- Precision-scheduled railroading (PSR) is driving discord between railroads and their customers, a roundtable of rail shippers told the U.S. House of Representatives Subcommittee on Railroads, Pipelines and Hazardous Materials Thursday.
- Reduced headcount, service changes without notice, fewer yards in operation, insufficient locomotives, increased demurrage and accessorial charges — all on top of higher rates, drove several shippers to remark that though railroad profitability is climbing, service is at an all-time low.
- "They may claim that PSR improves service but our experience and that of many other shippers has been the opposite," said Emily Regis, fuels resource administrator for the Arizona Electric Power Cooperative, speaking on behalf of the Freight Rail Customer Alliance. Regis and the other speakers called for more involvement from the Surface Transportation Board (STB) and members of Congress in providing structure to help shippers in disputes about rates and fees related to PSR.
The debate between shippers and railroads on the merits of PSR, characterized by cutting lanes, yards and locomotives in order to deliver more consistently on time and increase operational speed, has raged since CSX first began overhauling its operation in 2017. But now that six of the seven Class I railroads are adopting the principles demonstrated by the late Hunter Harrison at CSX and Canadian National before that, more shippers are affected.
Randy Gordon, president of the the National Grain and Feed Association told the members: "For our sector, PSR has resulted in increasing arbitrary, abrupt and disruptive changes to operations plans and service schedules, often negating tens of millions of dollars in customers’ investments in their facilities, track space and other infrastructure that the railroads insisted that they make in order to continue to have rail service."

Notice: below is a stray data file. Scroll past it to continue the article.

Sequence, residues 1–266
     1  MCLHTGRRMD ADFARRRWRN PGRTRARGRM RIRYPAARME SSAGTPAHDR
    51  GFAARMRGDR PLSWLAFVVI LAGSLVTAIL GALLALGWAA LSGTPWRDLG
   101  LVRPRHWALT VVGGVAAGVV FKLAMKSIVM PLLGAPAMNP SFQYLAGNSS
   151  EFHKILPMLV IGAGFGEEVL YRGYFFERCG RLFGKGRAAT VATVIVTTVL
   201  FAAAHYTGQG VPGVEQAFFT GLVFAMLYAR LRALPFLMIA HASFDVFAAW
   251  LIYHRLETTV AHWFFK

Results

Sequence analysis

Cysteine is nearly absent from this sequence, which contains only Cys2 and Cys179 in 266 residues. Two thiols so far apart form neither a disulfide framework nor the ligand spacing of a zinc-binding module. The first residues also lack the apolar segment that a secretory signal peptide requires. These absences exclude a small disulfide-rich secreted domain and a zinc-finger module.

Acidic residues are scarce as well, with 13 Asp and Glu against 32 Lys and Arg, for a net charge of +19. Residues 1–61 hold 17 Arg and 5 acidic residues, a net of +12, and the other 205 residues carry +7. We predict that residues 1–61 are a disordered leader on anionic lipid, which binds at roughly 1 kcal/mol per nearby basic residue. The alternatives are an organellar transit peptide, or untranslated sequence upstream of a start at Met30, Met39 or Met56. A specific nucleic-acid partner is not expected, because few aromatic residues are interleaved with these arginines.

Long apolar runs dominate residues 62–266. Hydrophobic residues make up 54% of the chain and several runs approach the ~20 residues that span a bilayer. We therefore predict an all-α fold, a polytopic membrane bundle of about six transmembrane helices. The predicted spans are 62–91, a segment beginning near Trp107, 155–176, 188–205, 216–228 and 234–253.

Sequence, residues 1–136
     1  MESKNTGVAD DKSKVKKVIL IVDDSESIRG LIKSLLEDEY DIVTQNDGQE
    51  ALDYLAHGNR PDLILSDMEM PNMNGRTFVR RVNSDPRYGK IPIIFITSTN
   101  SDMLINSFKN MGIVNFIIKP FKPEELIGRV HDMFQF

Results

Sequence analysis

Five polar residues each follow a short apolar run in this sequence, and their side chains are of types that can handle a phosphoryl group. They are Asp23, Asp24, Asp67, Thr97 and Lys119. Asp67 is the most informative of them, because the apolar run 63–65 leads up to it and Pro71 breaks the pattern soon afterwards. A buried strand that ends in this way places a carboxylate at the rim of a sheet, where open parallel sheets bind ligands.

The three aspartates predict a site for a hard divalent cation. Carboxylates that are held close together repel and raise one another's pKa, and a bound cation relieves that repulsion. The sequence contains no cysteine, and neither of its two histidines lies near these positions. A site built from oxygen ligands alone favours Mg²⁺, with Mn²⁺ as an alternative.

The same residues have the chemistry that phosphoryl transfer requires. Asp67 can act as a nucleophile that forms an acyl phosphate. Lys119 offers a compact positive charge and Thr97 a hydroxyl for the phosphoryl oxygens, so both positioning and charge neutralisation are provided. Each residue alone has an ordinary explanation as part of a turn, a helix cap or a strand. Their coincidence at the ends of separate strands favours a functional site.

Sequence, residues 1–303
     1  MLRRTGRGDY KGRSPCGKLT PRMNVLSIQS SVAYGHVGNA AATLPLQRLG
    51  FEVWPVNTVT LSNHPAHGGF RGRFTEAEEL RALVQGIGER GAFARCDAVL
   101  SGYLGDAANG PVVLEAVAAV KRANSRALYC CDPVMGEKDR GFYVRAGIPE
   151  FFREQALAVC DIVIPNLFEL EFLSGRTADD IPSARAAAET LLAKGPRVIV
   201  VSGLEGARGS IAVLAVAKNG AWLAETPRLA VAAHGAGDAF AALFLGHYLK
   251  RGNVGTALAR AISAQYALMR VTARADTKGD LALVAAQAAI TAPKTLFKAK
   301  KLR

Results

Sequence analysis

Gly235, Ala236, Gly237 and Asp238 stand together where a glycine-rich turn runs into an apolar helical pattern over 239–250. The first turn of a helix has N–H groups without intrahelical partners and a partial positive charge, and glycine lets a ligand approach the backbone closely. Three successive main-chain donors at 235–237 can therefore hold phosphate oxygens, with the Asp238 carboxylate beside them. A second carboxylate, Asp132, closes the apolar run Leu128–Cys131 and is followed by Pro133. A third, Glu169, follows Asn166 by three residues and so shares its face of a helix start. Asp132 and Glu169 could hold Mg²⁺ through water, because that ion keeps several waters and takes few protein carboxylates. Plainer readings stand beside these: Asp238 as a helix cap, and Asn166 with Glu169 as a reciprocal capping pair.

A particular focus of the discussion was demurrage and accessorial fees. Railroads levee demurrage fees when rail cars exceed prescribed loading and unloading time. Accessorial fees include charges for any event or service other than the movement of freight from origin to destination — examples include weighing cars, diverting a shipment in transit or additional switching services.
In the age of PSR, railroads claim the increased focus on speed warrants stricter adherence to schedules, resulting in such fees when scheduled times aren't met. At the hearing, shippers claimed the application of these fees is inconsistent and unfair in how and to whom they are applied.
"Kinder Morgan doesn't argue or contest the purpose or concept of demurrage. Our concern lies in a one-sided and monopolistic methodology by which the railroads assess, bill and attempt to collect these charges," said Josh Etzel, vice president of operations at Kinder Morgan, the largest terminal operator in North America. Etzel said his company is involved in multiple lawsuits with railroads and customers over these fees. And the issue of who is liable for the fees warrants review by the STB, Etzel argued.
Several speakers, including Rep. Dan Lipinski, D-Ill., expressed the impression that railroads view such fees not as simply a deterrent, but as a revenue stream.
"Since the adoption of PSR [International Paper] has seen our demurrage more than double to over $7 million,” added Mike Amick, senior vice president at International Paper.
The testimony supported the view that under the priorities inherent in PSR, railroads are more focused on investors and regulators than shippers.
"In the rail industry, the customers are not the primary concern ...the federal government is the primary concern. And they want to keep the system exactly the way it is now," said Mike Lacey, president of Solvay Chemicals.